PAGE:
So I figure if the entire world is big machine, I have to be here for some reason. And that means you have to be here for some reason, too.
Going through Infertility has brought me many things in my life; both good and bad. But seeing that today is Thanksgiving, I thought I’d share with you what I’m actually thankful that Infertility has given me. So here’s my list:
The Weight: With all those pills and shots taken over the years, I can thank IF for all that added weight gain. Of course, it’s also my un-doing that I refuse to eat any healthier or exercise any more than needed to get rid of my “not-so-pregnant” belly! On an upswing? Bigger boobs. 😛
Speaking of shots … oh, those wonderful shots! I can thank IF for all the bruised areas on my thighs and abdomen I had when going through those medicated cycles. It’s not so much that I don’t know how to give a shot — I *am* a Registered Nut — I mean Nurse. It’s more the fact that I can proudly poke myself like a human pin cushion and not be scared about it anymore. In fact, if I had to do it again … Nah, nevermind.
Speaking of needles … I’d like to thank my body for producing enough blood so that those vampires — I mean Phlebotomists — can take all the vials of blood they need to run their tests. But I also want to thank those blood-suckers — I mean Phlebotomists — for being so kind and patients; especially when I was having a particularly rough day.
In fact, I’m thankful for all those health care workers (from the nurses, to the receptionist … even the Ultrasound tech) for being so wonderful. In the throes of IF, I may have shot imaginary daggers at your back or given you dirty looks when you weren’t looking … but reflecting back on those moments, you have all been so kind to me.
In fact, there have been lots of kind folks out there that I should be thankful for. Many of them are you, as readers of my humble blog. I’ve “met” the most compassionate women out in the blogosphere that “get me” sometimes more than the people I know IRL (in real life). So to you … my readers and commenters, both past, present and future … I’m grateful that you’ve graced my life.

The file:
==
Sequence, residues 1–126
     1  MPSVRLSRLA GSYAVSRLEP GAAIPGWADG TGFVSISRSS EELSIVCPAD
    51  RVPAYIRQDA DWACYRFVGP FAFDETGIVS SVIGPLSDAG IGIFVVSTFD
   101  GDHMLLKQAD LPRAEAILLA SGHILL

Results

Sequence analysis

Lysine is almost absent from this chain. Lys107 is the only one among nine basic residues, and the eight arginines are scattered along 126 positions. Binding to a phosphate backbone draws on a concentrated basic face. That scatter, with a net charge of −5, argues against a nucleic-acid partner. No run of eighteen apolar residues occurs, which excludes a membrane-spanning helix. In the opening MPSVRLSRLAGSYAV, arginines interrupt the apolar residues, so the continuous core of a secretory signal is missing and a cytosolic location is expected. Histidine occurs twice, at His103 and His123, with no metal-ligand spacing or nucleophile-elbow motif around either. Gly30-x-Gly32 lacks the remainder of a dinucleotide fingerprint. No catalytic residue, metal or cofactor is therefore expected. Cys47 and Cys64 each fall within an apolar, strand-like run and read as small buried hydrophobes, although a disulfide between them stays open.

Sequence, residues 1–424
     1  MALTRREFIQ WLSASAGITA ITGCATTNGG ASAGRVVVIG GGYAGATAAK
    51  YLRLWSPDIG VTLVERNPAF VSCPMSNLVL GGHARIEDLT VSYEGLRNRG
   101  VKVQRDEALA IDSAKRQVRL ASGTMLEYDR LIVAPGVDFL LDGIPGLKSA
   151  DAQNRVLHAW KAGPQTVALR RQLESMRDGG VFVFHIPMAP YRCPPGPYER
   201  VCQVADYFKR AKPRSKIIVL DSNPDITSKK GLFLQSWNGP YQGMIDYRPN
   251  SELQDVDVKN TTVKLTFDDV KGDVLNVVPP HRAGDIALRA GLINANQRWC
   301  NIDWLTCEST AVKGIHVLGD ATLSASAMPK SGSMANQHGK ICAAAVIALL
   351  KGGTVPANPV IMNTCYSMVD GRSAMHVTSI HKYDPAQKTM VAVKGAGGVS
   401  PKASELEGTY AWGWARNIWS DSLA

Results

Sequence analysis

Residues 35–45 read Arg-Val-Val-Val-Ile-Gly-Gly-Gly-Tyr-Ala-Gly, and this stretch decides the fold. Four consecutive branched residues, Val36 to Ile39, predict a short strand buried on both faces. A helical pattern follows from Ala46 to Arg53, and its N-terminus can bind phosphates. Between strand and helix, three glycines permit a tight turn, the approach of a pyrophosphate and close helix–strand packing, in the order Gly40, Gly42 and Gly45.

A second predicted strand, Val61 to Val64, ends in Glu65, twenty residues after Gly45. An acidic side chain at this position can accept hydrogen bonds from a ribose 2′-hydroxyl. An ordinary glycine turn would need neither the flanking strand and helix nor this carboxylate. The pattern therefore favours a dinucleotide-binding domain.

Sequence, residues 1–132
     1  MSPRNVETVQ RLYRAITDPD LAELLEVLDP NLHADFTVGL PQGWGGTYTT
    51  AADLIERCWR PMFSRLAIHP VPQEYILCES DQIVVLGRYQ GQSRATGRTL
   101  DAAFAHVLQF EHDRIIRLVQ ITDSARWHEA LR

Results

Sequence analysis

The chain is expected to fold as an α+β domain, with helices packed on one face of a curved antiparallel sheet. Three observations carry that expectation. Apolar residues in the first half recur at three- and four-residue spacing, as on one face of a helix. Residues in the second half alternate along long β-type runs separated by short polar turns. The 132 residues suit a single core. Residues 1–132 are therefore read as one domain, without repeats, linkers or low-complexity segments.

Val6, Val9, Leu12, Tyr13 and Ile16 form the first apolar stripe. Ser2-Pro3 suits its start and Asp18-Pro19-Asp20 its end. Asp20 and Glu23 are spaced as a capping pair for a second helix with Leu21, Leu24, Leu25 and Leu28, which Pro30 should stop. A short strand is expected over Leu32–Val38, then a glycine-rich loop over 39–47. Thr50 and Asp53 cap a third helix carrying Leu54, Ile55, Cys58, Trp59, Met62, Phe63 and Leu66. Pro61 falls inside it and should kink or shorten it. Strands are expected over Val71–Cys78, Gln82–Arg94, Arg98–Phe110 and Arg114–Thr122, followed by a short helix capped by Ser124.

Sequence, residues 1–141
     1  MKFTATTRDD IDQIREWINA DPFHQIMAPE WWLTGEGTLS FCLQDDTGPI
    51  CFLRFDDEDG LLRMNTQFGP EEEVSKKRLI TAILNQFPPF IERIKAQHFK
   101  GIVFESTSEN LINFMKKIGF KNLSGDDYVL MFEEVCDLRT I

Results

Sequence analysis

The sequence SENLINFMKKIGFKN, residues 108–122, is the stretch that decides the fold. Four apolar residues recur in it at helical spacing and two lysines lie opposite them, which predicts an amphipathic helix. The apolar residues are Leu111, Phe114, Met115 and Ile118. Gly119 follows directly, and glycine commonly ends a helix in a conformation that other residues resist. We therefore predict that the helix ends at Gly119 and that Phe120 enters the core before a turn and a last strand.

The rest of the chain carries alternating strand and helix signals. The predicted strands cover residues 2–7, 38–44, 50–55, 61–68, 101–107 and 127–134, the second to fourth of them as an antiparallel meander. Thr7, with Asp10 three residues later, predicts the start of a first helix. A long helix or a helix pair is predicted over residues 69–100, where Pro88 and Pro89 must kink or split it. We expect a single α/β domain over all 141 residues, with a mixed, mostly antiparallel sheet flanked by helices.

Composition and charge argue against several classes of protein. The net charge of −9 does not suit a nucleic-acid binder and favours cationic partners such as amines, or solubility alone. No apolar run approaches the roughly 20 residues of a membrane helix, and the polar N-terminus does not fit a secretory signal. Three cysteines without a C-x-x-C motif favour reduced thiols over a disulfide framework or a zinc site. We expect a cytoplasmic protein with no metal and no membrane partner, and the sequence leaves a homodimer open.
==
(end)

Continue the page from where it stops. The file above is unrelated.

For those folks that I know IRL that have been willing to listen to my stories of Infertility … I can’t begin to tell you how much it means to me. For so long, I did not have anybody (but Hubby, of course) to listen to our “War Stories” … so for anyone IRL that has lent me their ears or provided me with the empathy I so desperately needed, I am forever in you debt.
I’m also indebted to Infertility for giving me back the gift of writing. It’s something I’ve always loved to do as a young kid, but something that I could never take on as a “career.” So I’m thankful for my tiny space in the Cyberworld where I can continue to write (as often or as seldom as I’d like) about my world; about my feelings. And about my thoughts, as crazy as they can be.
And to be honest, if it wasn’t for writing about my Infertility, I wouldn’t have been able to come to some sort of closure with my Infertility journey … even if it wasn’t the outcome I expected. So there. I’m thankful that writing about IF has opened up a new path to my “new” future.
Not only am I thankful for my blog and the ability to write … I will always be thankful for those IRL family and friends that read and acknowledge my blog. For the longest time, this blog was the only way that I could tell people about my Infertility so that I could “save face” in my culture. Knowing that I could still tell my story and yet not feel ostracized in the presence of my family and those Filipino family friends has been an absolute Godsend. It has given me strength in the midst of adversity.
But the most important thing I’m grateful that Infertility gave me is my relationship with my husband. Nothing more has tested our wedding vows more than Infertility has. It brings new meaning to the words “In sickness and in health” and “For better or worse.” I know many couples that can say the same thing and have gone through adversities (even those who had gone through other crises other than Infertility) that know exactly what I mean. My marriage is stronger because of Infertility and my love for Hubby has grown deeper than I ever thought it would. It’s thanks to Infertility that I know the meaning of unconditional love; one that will last through the test of time … with or without children in our lives.